the bad: Lee Wan-Chung as Governor Wang. Tang Ti as Abbot Kung Ming. Fung Ngai : senior monk. Fan Mei-sheng : senior monk. Tien Shun : senior monk.


Lily Ho Li-Li 's "controversial" scene for the time (1966)
HONORABLE MENTION: Wu Ma, Ku Feng, Liu Liang-Hua, Cheng Lui, Chen Hung-Lieh, Chiu Hung, Wang Kuang-Yu, Simon Yuen Siu-Tin

SPOTTED: Li Ching as Chin (Carpenter You’s sister) and Bruce Lee’s childhood friend (Little) Unicorn Chan as one of the fake monks in the opening of the film. 





FIGHT TIME: THE KNIGHT OF KNIGHTS (1966) has no fight director credited and indeed the quality of the fights (or lack thereof) attests to the lack of skill in the execution of the fight scenes. The fights seemed to me to be very poorly done with the real martial artist looking only slightly skilled and the non-martial artists looking like they had somewhere else to go and wanted to be killed quickly. Not using a fight choreographer was a mistake and the movie suffers from it. I counted only five (6) fight scenes including the short assassination attempt on the Imperial Inspector –enough for a legit kung fu movie and wisely spaced out to keep boredom from being a factor.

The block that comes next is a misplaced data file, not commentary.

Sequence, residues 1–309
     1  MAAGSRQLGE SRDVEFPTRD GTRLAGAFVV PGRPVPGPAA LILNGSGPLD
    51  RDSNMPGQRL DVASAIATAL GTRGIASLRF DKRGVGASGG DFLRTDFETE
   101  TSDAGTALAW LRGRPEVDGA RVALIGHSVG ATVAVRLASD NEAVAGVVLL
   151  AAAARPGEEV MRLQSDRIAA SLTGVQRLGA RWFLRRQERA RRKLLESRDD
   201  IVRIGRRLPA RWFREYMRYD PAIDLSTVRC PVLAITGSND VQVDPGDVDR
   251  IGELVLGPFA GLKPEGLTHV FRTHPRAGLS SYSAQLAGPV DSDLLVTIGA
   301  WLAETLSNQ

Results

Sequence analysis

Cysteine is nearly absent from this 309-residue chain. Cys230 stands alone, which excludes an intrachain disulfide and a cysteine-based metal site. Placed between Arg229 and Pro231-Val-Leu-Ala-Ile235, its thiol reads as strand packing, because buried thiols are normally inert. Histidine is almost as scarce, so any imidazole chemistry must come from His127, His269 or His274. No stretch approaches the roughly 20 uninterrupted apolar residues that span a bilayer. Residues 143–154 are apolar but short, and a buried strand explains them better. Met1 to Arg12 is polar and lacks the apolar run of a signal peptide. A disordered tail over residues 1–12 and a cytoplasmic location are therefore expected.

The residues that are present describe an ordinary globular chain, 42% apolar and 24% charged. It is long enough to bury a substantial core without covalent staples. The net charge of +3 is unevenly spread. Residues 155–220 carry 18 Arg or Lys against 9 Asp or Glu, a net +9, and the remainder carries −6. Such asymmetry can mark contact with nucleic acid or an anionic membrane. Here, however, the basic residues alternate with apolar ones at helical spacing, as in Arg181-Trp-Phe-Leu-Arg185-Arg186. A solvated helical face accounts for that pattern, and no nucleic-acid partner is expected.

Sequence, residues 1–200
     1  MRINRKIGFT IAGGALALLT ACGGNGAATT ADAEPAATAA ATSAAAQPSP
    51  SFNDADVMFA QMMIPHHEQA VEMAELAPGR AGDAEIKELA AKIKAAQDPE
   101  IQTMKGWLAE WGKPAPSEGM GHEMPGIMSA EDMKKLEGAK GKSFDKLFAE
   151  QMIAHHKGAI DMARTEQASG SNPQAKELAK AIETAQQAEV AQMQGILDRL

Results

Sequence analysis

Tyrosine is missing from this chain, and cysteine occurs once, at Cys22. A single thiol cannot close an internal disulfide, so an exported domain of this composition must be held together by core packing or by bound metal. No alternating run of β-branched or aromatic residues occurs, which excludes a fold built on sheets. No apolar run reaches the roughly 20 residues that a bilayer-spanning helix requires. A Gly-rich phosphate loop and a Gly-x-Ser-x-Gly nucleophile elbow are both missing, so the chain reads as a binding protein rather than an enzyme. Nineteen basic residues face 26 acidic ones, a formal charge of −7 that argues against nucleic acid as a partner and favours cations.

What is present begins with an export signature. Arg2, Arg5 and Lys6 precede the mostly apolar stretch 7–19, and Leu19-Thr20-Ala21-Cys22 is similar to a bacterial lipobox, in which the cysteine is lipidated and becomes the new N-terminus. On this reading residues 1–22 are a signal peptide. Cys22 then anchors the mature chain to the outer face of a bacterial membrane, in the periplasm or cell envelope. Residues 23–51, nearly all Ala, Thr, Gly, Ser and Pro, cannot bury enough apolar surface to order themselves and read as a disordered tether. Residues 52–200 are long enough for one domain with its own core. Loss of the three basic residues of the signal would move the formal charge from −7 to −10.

HONORABLE MENTION: It is a long way into the movie but, young Cliff Lok has the best-choreographed fight in the movie and is very convincing in warding off multiple opponents. Kudos